California sold five-year bonds at a tax-free yield of 1.61% in the Sept. 20 sale. Now the market yield on five-year California debt is about 2.08%, said Joe Lee, a muni trader at De La Rosa & Co. in Los Angeles. Ten-year California bonds are yielding around 3.5%, up from 3.17% at the Sept. 20 sale.

Continue reading »

California sells $2.4 billion of bonds amid falling yields

Californiaflag
California on Tuesday wrapped up its first long-term debt sale of 2011, paying interest rates substantially below what it paid on bonds last November -- a savings for taxpayers.

The drop in yields curbed demand for the bonds from individual investors, but buying by institutional investors such as mutual funds allowed Treasurer Bill Lockyer to issue nearly the full amount planned.

The state said it sold $2.37 billion of tax-free general obligation bonds to refinance previously issued bonds and pay off other debt.

Individual investors put in orders for $655 million of the bonds on Friday and Monday. Institutions bought $1.74 billion of the deal on Tuesday.

When it issued bonds in November the state paid an annualized tax-free yield of 4.23% on 10-year securities in that offering. This time Lockyer set the yield on 10-year bonds at 3.17%, more than a full point less. Yields were lower across the board on bonds of other maturities as well.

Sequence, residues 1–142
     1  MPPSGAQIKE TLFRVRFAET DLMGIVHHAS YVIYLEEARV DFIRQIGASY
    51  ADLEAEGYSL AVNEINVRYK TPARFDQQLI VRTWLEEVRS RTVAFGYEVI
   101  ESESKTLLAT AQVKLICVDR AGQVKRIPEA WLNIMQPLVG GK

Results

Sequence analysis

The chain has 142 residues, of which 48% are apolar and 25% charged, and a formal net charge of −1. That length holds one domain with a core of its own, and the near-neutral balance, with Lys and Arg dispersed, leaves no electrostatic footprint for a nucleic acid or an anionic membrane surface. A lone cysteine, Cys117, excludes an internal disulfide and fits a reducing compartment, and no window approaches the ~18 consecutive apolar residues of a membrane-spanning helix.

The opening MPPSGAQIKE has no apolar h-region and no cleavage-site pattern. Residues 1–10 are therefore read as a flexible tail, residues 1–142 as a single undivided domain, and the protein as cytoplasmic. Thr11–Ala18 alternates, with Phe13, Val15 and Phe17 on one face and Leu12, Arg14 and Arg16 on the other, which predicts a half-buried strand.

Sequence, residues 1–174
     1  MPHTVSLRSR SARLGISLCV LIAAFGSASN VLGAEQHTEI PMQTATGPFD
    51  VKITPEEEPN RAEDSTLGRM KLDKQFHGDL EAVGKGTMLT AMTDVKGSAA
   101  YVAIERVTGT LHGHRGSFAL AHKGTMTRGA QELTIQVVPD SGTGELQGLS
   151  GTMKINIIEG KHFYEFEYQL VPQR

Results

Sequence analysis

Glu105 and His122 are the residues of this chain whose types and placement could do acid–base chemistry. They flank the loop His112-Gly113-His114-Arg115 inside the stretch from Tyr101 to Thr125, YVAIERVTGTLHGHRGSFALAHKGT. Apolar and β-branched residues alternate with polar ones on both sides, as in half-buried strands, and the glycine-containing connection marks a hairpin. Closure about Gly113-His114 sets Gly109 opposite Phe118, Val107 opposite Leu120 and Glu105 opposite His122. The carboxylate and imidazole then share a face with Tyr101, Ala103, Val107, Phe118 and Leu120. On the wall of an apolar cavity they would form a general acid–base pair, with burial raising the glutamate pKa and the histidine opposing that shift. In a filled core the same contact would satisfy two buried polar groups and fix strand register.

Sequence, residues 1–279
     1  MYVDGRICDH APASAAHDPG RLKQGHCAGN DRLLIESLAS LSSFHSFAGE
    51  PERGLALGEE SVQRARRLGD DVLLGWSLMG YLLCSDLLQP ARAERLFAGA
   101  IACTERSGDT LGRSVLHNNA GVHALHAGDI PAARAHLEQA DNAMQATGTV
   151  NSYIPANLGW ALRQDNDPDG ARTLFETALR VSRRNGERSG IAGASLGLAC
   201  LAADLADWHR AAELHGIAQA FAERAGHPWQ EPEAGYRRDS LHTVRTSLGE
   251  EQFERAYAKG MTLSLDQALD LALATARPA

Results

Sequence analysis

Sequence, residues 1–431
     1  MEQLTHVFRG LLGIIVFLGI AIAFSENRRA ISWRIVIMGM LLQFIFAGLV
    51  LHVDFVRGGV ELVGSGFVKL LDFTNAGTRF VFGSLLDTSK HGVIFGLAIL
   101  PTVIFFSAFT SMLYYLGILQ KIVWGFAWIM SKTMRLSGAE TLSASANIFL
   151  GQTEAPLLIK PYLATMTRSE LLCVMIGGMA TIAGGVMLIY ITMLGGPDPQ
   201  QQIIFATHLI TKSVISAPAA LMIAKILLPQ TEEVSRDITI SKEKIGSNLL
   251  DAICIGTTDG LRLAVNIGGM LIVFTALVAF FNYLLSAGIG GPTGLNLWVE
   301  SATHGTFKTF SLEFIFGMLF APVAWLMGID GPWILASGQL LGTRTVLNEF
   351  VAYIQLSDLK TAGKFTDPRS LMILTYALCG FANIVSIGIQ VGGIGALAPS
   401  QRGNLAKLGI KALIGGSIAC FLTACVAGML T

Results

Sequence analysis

Lockyer Although California’s credit rating remains the lowest of any state, the budget passed by the Legislature in June has given investors more comfort about the state’s fiscal outlook, Lockyer spokesman Tom Dresslar said. “We believe the budget has helped constrain the price” of borrowing, he said.

Credit rating firm Standard & Poor's in early July raised its outlook for the state’s rating to “stable” from “negative,” saying the state's plan to balance its budget was "largely realistic."

It also has helped California that muni bond interest rates in general have tumbled this year, along with yields on U.S. Treasury bonds, as the economy has weakened and many investors have favored bonds over stocks for safety. The 10-year Treasury note yield was at 1.94% on Tuesday, down from 3.30% at the start of the year.

But falling yields have pushed some individual investors to the sidelines because they believe the returns aren’t high enough to justify the risk, analysts say. Small investors are “deeply unhappy” with muni yields now, said Matt Fabian, analyst at research firm Municipal Market Advisors.

Orders from individual investors in Tuesday’s California bond sale were well below the nearly $1 billion they put in for the November sale, although this time around bonds of certain maturities were available only to institutions. The state said it raised yields on bonds maturing between 2013-2016 and 2022-2028 by as much as 0.05 percentage points from its initial estimates to get the deal done.

With the steep drop in muni yields this year “the market is not very conducive to doing a bang-up retail business,” Dresslar said. Still, he said, the state was “very pleased” with the demand it saw.

The state plans another general obligation bond sale in mid-October, although the amount hasn’t been determined, Dresslar said.

Some investors may be shying away from muni bonds because of President Obama’s proposal to limit the amount of muni bond interest that high-earners can exclude from their taxable income beginning in 2013. The proposal would help pay for the economic-stimulus program in the jobs bill Obama sent to Congress earlier this month.